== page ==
Yesterday our team managed to get our robot about where we want it as far as build goes so we did some practice matches anf we can score consistently just above 100 points from balls on the field with a 10 point autonomous. We think with some minor tweaking we’ll be scoring above 125 for sure and with that and with some practice maybe even 150. Will a robot like this, maybe with a better automous, be competitive at the state level? What scores have you guys found competetive at your competitons and what do you expect at state or even worlds?
150 from one robot as an average will be a competitive robot at state levels, assuming you have another robot that scores driver loads with high accuracy and possibly a lift.
For autonomous though, you need to aim towards an accurate 20-35 point for state.
Keep in mind, game play is entirely different when playing with other robots, on a crowded field. Expect your score to be 3/4 lower if minimal defense is played, and perhaps less than half of that score if focused defense is played on you. However, that robot should be competitive at state level dependent on your region.
It’s 341 points for a gauranteed win. The preloads provide 170 points, and assuming that the preload robot has a lift, the fielding robot should have to score just over 120 to win every match.
That’s all assuming that the preload robot doesn’t score anything else from there. 100 points consistently from a fielding robot should stay competitive. Especially one that can do this while playing against heavy defense.
Basically, each robot on the winning alliance would only need to score 11 field balls (assuming that they score the number of bonus balls that is statistically expected) and score all of the driver loads and then lift. This definitely makes me think that there will be a LOT of downtime in worlds matches because it would be hard for a robot not to be able to score 11 balls 1 minute and 20 seconds (25 seconds every 4 balls).
There will be much more defense at worlds, that is why it is important to have a strong and fast drive.
I don’t know if this counts that much as strategy, but not using preloads and instead going for the field balls in autonomous may help. Your preloads are basically guaranteed points for your alliance, while the field balls are competed for. This may be a viable plan for higher level competitions.
Personally, I don’t agree with this. If you have an autonomous that can score the preloads in a goal every time, why not play it safe and not risk going for the field balls that won’t be in the exact same spot every match? Just go for them at the start of driver control, that way you can adjust for error.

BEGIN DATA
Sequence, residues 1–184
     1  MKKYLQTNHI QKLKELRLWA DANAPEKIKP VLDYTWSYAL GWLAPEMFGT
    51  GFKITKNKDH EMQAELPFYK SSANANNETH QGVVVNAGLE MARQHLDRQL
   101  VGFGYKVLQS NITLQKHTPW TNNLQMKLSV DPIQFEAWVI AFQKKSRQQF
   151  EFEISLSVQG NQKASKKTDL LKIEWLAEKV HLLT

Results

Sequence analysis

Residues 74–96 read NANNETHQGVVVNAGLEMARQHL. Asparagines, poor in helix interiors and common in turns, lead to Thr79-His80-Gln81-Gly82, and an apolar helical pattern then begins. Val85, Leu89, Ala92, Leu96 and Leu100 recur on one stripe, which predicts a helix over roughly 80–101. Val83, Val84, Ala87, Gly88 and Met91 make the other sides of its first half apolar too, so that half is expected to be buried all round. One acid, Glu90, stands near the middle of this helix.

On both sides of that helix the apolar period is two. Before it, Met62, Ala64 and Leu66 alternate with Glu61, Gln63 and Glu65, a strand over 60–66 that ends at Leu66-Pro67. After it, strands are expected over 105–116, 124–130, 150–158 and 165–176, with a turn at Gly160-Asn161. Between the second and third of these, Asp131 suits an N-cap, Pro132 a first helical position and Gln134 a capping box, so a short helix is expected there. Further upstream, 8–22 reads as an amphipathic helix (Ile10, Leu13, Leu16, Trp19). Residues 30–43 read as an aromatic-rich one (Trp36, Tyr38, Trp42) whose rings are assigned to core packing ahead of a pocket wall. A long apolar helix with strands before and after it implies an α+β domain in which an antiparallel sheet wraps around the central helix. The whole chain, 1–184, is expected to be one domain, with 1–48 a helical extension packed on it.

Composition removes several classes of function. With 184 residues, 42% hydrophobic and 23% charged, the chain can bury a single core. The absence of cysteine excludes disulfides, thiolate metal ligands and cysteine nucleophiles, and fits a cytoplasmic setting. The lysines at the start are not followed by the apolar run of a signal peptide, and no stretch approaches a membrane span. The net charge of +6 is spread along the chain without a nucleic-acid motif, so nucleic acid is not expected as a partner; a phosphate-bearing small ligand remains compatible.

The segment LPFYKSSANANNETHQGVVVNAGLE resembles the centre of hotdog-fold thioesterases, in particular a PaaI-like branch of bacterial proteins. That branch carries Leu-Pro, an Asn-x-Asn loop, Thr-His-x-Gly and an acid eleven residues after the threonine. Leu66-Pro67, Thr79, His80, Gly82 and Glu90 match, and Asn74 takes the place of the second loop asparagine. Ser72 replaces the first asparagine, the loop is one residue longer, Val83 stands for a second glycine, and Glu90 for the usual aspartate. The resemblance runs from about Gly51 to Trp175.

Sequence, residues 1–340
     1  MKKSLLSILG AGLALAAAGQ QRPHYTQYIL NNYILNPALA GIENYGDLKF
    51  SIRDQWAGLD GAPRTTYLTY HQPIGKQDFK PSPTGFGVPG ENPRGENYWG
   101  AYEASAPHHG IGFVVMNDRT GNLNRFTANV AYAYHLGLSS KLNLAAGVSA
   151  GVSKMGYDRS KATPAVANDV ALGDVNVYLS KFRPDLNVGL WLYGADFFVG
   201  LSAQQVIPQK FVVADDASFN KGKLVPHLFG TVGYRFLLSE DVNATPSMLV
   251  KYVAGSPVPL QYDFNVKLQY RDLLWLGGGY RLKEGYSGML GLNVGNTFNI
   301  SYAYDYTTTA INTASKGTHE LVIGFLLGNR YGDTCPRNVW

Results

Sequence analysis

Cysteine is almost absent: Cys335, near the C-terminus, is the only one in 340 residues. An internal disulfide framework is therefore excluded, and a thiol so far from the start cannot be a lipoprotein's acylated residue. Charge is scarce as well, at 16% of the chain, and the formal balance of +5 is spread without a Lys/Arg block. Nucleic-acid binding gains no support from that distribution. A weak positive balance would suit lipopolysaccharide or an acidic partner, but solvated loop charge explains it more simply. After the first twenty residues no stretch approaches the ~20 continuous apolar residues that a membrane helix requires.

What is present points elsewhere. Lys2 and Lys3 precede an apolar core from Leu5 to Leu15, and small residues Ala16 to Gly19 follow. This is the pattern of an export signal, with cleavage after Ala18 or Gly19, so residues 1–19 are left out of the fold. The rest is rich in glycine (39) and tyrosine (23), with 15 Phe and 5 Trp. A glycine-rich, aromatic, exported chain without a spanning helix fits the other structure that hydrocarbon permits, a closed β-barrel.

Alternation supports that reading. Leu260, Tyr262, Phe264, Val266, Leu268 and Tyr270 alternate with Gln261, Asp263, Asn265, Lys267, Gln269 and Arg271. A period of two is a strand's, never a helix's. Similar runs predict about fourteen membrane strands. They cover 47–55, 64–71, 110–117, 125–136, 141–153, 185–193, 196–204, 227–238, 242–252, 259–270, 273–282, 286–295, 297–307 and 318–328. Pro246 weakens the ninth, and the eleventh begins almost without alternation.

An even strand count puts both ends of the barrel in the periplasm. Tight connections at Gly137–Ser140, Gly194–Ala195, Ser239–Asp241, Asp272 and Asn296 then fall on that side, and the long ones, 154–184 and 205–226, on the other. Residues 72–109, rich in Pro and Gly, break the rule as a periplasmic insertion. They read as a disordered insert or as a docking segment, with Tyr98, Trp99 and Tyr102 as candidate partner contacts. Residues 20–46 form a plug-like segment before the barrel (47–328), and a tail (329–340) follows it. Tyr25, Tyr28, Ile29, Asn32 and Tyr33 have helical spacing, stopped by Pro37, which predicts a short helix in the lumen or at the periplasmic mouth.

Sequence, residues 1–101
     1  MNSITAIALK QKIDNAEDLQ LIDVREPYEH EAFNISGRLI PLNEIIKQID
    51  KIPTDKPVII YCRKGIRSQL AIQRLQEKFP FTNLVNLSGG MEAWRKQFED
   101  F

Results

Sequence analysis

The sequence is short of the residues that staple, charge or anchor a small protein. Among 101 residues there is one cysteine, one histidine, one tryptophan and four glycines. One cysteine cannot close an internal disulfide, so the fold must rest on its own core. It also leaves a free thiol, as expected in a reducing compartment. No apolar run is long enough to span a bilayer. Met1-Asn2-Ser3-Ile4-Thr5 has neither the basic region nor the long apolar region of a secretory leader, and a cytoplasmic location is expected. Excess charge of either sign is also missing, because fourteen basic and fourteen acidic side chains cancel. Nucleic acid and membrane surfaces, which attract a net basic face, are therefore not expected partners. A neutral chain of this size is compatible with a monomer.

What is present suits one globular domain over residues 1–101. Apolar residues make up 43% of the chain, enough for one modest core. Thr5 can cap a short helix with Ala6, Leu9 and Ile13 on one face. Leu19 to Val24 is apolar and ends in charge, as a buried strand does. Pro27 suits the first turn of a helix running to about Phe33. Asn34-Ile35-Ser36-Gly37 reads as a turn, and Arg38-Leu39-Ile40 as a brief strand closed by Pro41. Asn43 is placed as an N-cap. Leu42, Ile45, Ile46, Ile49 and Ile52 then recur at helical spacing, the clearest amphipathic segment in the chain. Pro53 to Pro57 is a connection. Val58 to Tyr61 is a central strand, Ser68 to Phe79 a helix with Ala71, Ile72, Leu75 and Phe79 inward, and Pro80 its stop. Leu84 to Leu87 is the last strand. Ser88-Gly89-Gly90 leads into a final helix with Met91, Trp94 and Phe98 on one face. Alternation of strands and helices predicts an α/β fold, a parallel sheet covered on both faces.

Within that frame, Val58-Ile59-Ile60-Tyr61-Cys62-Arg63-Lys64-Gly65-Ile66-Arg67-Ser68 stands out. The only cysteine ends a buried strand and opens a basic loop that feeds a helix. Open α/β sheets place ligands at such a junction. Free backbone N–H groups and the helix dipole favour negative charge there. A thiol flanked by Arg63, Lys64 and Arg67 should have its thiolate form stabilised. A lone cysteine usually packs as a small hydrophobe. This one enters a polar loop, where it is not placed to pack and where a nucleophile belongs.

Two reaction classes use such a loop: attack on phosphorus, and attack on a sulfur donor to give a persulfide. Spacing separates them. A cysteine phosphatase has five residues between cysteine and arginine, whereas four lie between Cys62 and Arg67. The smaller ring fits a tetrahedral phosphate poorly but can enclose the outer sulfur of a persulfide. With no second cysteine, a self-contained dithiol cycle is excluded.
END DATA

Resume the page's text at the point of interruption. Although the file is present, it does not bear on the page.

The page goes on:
They will start in the same spot, you just have to get to them before someone else gets to them. The question that you have to ask yourself is “Is this game about solely scoring, or is it about taking away points from your opponents?” Some matches could be almost won in autonomous. (2 robots with 2 stack autonomouses). We may see this game play at worlds.
It’s either about scoring a lot of balls, or bringing a lot of balls to your square. Either one will give you a major advantage, it just depends which one you can do better.
Why bring them to your square when it’s just as fast to score them (if you design an efficient robot)?
But if you bring some back to your square, you can score them later, after scoring the rest of the balls. Like I said before, it all depends on what you’re better at. If you’re better at grabbing them then scoring them right away, then do that.
I think that either scoring field balls or just dumping them in your square will be the best auton strategy at worlds. In order to guarantee a win, each robot on a given alliance simply has to score 11 field balls, 16 driver loads, and one of them has to high lift the other. Whatever you have to do to guarantee that you will be able to get 11 field balls and score them accurately will be the best auton strategy for your robot. If you can’t accurately shoot the balls in auton then just dump them in your square and shoot them at the end of the match.
You - 32 driver loads, 22 regular field balls, high lift
Opponent - autonomous bonus, 32 driver loads, 18 field balls(40 total field balls - 22 = 18), 10 bonus field balls(no bonus balls scored by the other alliance), 8 regular field balls, high lift
You - (32 * 5) + (22 * 5) + 50 = (160) + (110) + 50 = 320
Opponent - 10 + (32 * 5) + (10 * 10) + (8 * 5) + 50 = 10 + (160) + (100) + (40) + 50 = 360
360 > 320
I guess I need to elaborate on what I said. I am assuming that the 11 field balls will reflect the statistical 25% bonus balls. If you want to look at worst casenario then yes, each robot would actually need to score 2 more balls.